CM . . .
. Volume XI Number 8 . . . . December 10, 2004
This engaging video follows the lives of several aboriginal athletes from British Columbia as they prepare to compete at the North American Indigenous Games in Winnipeg, Manitoba, in 2002. The video focuses on boxer Robbie McGregor, archer Morgan Desjarlais, runner Buzz Manuel, Jr., rower Joe Seward, runner Veronica Charters and soccer player Jennifer Johnson. However, their other team players, parents, coaches and referees both comment on the trek towards the NAIG and demonstrate their own roles in the success of these fine young athletes. The role of the community is stressed as athletes struggle with fundraising and the disappointment of not being allowed to compete because their registration was not sent in on time. Both coaches and referees speak about the raw talent of the aboriginal athletes only needing to be supported and shaped for it to rise to national standards.
The athletes, themselves, are forthright, optimistic and proud of the training they have done to meet their goals. They are excited about competing in a huge, North American games situation. However, it is also clear that their commitment is to their people and to representing the aboriginal communities they are from. Some of the athletes compete individually, like Morgan Desjarlais, whose calm, steely focus helps her to hit the bull's eye in archery. Others, like Jennifer Johnson or Joe Seward, are part of a team that has to learn to pull together to achieve success. However, they all find that their fervent drive for success has totally changed their approach to life. As Veronica says, running feels like "1000 drums - a beautiful song of my heart and the land connected." Buzz coaches younger teenagers in order "to open doors and create better people." Joe Seward speaks of the "togetherness" of rowing and the strength he feels from his ancestors who raced war canoes. Jennifer Johnson says it for them all when she speaks about how soccer keeps her healthy, balanced and improving in her life as she plays from the heart. These athletes have also been excellent role models for the younger aboriginals on their own reserves as their strong, aggressive challenge helps them to reach their goals.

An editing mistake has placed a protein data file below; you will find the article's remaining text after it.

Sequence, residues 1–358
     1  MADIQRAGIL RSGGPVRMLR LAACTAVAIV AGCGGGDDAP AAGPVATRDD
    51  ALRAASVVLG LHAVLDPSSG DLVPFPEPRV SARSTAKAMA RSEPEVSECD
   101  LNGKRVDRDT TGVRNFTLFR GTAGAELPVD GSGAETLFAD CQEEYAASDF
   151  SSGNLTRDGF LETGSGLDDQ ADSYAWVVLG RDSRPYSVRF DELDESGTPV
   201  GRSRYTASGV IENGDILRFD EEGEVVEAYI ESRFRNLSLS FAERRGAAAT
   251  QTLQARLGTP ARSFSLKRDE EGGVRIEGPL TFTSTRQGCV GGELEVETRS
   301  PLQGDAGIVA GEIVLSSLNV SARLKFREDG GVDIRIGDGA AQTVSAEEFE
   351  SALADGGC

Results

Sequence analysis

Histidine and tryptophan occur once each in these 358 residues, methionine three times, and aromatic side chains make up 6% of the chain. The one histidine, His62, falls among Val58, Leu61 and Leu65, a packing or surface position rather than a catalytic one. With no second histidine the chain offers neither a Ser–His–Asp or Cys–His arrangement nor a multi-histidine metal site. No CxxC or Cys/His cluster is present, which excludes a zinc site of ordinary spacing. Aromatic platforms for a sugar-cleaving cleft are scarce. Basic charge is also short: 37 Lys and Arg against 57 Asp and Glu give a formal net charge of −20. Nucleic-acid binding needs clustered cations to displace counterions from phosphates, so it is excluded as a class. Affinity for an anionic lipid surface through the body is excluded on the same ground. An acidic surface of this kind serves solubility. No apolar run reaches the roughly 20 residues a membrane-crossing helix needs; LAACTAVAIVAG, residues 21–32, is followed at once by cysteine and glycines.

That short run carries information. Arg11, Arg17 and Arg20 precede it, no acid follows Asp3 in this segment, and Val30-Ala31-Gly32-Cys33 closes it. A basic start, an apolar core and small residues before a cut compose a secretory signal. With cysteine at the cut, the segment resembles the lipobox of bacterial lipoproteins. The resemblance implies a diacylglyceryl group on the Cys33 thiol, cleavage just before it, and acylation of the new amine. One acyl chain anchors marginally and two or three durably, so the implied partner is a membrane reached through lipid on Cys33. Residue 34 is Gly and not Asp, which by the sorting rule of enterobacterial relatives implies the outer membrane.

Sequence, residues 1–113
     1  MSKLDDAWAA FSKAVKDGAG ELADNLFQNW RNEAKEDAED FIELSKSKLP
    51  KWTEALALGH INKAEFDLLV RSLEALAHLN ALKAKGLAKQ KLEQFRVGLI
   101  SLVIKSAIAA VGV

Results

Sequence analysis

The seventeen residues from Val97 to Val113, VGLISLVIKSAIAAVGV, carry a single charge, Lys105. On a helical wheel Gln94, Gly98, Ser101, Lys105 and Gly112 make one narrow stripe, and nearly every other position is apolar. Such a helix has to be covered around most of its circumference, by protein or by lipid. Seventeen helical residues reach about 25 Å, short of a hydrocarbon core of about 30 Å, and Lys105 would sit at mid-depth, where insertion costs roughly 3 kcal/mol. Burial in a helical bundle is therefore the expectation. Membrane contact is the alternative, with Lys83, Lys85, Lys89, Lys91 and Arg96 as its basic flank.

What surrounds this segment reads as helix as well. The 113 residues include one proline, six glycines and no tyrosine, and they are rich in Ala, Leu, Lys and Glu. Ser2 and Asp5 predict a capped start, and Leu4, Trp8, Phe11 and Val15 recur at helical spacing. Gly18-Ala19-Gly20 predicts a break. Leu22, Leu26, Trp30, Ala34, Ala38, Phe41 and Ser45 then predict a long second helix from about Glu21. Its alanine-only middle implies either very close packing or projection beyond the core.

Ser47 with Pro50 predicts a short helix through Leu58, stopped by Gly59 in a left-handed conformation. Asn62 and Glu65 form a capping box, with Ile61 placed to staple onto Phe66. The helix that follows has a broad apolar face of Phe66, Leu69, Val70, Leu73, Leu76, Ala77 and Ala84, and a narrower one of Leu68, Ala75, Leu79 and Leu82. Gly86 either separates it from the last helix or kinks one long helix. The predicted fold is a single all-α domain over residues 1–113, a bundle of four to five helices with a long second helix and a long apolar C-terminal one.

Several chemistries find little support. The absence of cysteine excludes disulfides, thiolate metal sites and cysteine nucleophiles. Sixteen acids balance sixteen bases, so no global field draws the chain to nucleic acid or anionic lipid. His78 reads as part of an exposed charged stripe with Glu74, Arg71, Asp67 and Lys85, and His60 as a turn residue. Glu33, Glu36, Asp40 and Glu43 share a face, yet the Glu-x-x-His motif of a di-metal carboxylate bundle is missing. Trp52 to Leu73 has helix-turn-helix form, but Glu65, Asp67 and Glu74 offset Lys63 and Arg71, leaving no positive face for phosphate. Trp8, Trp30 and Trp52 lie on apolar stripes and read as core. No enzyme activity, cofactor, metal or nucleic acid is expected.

Archival film footage and still photographs of famous aboriginal athletes, like Tom Longboat, Billy Mills, Roger Adolf, Alwyn Morris and Waneek Horn-Miller, reinforce the theme: what matters is the spirit of the games, the commitment to a strong spirit and faith in yourself and your culture. The featured athletes are briefly introduced, and they speak about how they began in the sport and how they trained. Haunting scenes of nature on the reserves and outstanding footage of the sports in action (especially the soccer and the rowing sequences) help to reinforce the isolation of these athletes and the talent required to succeed. The film returns twice to the same athletes as they win at the provincial level and as they compete in Winnipeg. Some, like Jennifer and her soccer team, win gold medals, but for others, just being at the games was a significant victory that will probably change their lives forever.
At the beginning of the video, there is a still shot of an older aboriginal man drawing a bow and arrow. Then the camera moves downward to show that a young boy is also holding the bow, learning how to shoot it. This one shot epitomizes the spirit of this video: learning a difficult skill with the coaching of elders (coaches) who are determined to pass on to the future their values and strength.
Spirit of the Game could be used by coaches or in aboriginal units of study to highlight either the focus and determination required to compete at a very high level, or the spiritual lessons of our native people.
Joan Marshall is the teacher-librarian at Fort Richmond Collegiate, Winnipeg, MB.
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Copyright © the Manitoba Library Association. Reproduction for personal use is permitted only if this copyright notice is maintained. Any other reproduction is prohibited without permission.